The Energy Loop: Huntington/Eccles Canyons Scenic Byway

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Utah SR 31.svgUtah SR 96.svgUtah SR 264.svg

The Energy Loop: Huntington/Eccles Canyons Scenic Byway
Route information
Maintained by UDOT
Length82.882 mi[2][3][4] (133.386 km)
Existed1990[1]–present
Major junctions
West end US-89 in Fairview
East end SR-10 in Huntington (south)
US-6 near Colton (north)
Location
CountiesUtah, Carbon, Emery, Sanpete
Highway system
  • State highways in Utah

The Energy Loop: Huntington/Eccles Canyons Scenic Byway is a National Scenic Byway in the state of Utah. It spans approximately 83 miles (134 km) as it travels from Fairview through the Manti-La Sal National Forest southeast to Huntington via Huntington Canyon, and northeast to near Colton via Eccles Canyon.

Route description[edit]

The route begins in Fairview at the intersection of US-89 and SR-31 following SR-31 eastward. As it exits the city, it turns northeast to follow Cottonwood Creek towards and into Fairview Canyon, about 2 miles (3.2 km) from the beginning of the route. It follows the canyon for another 6–7 miles, entering the Manti-La Sal National Forest, until it climbs out of the top end of the canyon at about 8,800 feet (2,700 m) altitude. From this point, the byway splits in two.

The south branch continues to follow SR-31, climbing up to over 9,600 feet (2,900 m) elevation before dropping down to the east-southeast as it passes Huntington Reservoir, Cleveland Reservoir, and turning to the northeast towards Electric Lake. At this point, the route turns to the southeast, following Huntington Canyon and Huntington Creek downwards, eventually exiting the national forest and the canyon and ending in the city of Huntington, a mile southwest of Huntington State Park.

The North branch turns onto SR-264, which travels eastward towards the north end of Electric Lake, where it turns north to go up Upper Huntington Canyon. After about 3 miles (4.8 km), the route turns east again and climbs out of the Upper Huntington Canyon, and crosses over to Eccles Canyon, following Eccles Creek down. After about 6 miles (9.7 km), the canyon and the route turn back to the north again, passing through the town of Scofield, and passing by Scofield Reservoir and state park. It continues on past the north end of the reservoir for a few more miles before turning to the east yet again, ending in Spanish Fork Canyon near Colton.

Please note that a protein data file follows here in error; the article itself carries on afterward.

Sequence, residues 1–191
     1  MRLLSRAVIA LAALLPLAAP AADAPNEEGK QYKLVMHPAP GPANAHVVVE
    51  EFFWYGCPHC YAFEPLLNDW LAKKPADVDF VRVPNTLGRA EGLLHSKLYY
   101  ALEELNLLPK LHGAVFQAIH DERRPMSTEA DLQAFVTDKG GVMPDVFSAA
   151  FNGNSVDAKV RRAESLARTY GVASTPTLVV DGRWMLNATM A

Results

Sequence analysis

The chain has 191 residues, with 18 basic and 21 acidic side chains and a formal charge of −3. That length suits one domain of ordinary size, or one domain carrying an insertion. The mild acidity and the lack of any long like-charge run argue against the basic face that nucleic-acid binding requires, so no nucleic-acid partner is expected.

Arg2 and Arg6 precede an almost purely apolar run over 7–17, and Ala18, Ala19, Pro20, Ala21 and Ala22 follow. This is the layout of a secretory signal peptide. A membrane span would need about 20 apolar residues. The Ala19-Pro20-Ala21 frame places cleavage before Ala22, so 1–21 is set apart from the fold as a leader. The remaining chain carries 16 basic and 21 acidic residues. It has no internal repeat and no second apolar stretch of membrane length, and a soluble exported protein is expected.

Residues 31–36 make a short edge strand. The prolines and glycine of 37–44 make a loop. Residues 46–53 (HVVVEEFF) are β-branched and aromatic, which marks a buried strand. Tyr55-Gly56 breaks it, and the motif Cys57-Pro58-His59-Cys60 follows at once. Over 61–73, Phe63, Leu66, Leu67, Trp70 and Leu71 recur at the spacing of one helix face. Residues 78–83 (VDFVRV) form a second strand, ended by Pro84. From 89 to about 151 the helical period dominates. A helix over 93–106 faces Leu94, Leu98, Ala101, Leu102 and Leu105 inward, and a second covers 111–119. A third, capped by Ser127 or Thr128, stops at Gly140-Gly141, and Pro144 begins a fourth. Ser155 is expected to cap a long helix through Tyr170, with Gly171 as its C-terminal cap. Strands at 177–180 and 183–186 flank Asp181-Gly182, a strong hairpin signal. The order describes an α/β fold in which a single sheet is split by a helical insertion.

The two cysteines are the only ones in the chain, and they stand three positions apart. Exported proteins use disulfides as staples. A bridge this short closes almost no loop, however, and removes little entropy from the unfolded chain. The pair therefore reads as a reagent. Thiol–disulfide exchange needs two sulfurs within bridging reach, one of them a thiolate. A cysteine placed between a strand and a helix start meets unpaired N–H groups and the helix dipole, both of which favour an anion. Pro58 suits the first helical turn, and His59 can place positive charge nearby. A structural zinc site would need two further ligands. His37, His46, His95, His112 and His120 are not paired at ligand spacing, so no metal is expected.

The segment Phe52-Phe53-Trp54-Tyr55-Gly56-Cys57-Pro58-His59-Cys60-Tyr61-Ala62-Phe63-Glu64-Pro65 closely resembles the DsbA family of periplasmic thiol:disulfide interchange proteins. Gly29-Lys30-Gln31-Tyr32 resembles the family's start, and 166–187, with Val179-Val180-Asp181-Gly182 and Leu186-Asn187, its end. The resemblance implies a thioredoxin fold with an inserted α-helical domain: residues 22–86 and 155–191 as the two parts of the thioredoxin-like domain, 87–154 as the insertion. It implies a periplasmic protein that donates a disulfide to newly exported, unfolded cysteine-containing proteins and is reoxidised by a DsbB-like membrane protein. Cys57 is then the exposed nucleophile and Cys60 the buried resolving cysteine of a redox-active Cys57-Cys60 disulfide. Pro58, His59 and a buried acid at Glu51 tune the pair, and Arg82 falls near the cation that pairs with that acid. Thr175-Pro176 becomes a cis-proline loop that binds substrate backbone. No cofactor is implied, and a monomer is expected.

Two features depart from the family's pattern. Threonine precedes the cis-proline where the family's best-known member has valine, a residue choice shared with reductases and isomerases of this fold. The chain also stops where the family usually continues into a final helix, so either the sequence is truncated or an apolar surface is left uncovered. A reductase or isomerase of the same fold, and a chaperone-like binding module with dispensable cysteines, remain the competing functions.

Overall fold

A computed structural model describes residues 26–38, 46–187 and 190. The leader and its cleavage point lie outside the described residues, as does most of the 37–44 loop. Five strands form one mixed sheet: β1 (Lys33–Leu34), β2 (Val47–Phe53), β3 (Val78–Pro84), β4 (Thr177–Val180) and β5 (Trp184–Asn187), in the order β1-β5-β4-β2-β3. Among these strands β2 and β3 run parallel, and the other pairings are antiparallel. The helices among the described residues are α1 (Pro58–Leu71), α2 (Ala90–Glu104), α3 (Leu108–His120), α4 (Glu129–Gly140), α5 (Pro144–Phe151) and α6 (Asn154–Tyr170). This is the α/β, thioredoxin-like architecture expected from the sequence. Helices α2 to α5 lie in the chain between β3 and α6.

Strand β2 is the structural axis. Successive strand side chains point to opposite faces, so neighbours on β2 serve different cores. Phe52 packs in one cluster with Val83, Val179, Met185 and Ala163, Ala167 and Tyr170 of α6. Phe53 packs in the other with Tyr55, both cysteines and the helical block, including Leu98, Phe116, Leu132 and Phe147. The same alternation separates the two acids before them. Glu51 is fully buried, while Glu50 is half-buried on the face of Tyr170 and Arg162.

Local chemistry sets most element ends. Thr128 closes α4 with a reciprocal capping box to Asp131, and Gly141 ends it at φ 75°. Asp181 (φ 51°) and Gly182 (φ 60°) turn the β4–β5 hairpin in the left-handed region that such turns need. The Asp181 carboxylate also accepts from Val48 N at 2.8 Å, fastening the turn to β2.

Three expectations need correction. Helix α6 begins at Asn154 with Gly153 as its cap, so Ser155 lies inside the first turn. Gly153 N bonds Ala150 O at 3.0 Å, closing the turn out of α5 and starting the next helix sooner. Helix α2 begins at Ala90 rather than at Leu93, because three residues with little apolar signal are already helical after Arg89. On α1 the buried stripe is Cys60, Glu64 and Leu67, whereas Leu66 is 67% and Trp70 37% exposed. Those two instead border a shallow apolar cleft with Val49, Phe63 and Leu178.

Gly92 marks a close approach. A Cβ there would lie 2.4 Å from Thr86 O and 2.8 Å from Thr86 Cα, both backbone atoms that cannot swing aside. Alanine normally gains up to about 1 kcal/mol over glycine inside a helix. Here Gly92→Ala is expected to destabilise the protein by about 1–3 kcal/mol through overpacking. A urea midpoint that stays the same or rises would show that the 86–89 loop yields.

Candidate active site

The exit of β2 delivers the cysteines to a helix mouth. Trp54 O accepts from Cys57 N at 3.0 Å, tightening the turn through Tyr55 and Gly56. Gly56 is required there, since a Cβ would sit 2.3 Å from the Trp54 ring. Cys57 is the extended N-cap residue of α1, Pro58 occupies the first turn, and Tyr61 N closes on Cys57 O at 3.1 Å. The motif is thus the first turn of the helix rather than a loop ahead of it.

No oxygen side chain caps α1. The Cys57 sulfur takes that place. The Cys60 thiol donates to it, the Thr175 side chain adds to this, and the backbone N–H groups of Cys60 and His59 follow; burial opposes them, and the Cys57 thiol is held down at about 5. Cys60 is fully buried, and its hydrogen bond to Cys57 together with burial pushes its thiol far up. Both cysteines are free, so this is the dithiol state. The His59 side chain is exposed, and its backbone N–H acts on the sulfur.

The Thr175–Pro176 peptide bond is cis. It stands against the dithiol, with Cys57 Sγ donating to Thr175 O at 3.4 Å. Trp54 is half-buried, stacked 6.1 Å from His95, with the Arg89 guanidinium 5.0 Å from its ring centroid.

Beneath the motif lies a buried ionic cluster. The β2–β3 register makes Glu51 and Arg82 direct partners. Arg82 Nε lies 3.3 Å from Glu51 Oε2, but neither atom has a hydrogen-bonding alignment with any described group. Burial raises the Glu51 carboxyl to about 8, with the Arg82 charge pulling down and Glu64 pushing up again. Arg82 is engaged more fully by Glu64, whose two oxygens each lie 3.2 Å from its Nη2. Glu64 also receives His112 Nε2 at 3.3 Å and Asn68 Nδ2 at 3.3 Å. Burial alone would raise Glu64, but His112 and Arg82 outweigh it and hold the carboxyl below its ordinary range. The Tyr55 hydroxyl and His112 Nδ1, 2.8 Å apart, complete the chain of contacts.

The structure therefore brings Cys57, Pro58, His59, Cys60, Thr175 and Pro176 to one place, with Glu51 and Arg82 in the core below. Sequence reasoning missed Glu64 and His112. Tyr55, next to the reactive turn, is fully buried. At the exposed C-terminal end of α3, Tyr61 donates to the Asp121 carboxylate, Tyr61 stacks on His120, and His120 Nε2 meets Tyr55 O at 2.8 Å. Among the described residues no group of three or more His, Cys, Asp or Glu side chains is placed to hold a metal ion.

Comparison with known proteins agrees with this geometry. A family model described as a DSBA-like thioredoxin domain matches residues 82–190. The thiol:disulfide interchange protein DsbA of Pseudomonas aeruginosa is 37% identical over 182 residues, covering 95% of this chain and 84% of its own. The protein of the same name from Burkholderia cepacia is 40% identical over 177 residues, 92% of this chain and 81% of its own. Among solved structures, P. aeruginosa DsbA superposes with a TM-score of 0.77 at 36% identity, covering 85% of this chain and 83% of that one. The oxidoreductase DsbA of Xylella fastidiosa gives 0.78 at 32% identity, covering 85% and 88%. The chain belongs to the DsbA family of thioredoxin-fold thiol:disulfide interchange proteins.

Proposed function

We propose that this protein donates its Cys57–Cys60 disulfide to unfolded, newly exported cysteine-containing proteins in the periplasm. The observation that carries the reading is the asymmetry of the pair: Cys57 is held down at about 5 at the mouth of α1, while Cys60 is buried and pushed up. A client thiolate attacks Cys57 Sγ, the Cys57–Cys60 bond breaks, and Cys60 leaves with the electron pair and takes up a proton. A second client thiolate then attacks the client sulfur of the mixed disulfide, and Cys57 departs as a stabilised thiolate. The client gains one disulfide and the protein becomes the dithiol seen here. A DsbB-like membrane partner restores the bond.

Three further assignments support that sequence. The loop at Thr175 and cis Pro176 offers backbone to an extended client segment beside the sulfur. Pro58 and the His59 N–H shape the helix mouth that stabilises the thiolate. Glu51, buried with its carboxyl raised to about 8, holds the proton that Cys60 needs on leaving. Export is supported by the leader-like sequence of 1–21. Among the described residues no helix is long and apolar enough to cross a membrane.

History[edit]

For the histories of this route's constituent highways prior to its scenic byway designation, refer to:

This route was designated a Utah Scenic Byway in 1990, a National Forest Scenic Byway on February 6, 1991 (as Huntington Canyon Scenic Byway, Eccles Canyon Scenic Byway), and a National Scenic Byway on June 15, 2000.[1]

Major intersections[edit]

CountyLocationmi[2]kmDestinationsNotes
SanpeteFairview0.0000.000 US-89 (State Street) – Mount Pleasant, ProvoWestern terminus (as SR-31)
8.57613.802 SR-264 (Eccles Canyon Scenic Byway) – ScofieldRoute splits into north and south branches
1.000 mi = 1.609 km; 1.000 km = 0.621 mi

North branch[edit]

CountyLocationmi[2][3][4]kmDestinationsNotes
Sanpete8.57613.802 SR-31 (Huntington Canyon Scenic Byway) – Huntington, FairviewNorth branch begins (as SR-264)
Carbon23.94938.542 SR-96Clear Creek, ScofieldSR-264 ends; route continues on SR-96
Utah43.71270.348 US-6 – Price, ProvoEastern terminus of north branch
1.000 mi = 1.609 km; 1.000 km = 0.621 mi

South branch[edit]

CountyLocationmi[2]kmDestinationsNotes
Sanpete8.57613.802 SR-264 (Eccles Canyon Scenic Byway) – ScofieldSouth branch begins (as SR-31)
EmeryHuntington47.74676.840 SR-10 (Main Street) – Castle Dale, PriceEastern terminus of south branch
1.000 mi = 1.609 km; 1.000 km = 0.621 mi

References[edit]

  1. ^ a b Staff. "The Energy Loop: Huntington/Eccles Canyons Scenic Byway—Official Designations". American's Byways. Federal Highway Administration. Retrieved May 2, 2011.
  2. ^ a b c d Staff (September 1, 2009). "Highway Reference: SR-31" (PDF). Utah Department of Transportation. Retrieved May 2, 2011.
  3. ^ a b Staff (May 1, 2008). "Highway Reference: SR-264" (PDF). Utah Department of Transportation. Retrieved May 2, 2011.
  4. ^ a b Staff (September 1, 2009). "Highway Reference: SR-96" (PDF). Utah Department of Transportation. Retrieved July 22, 2008.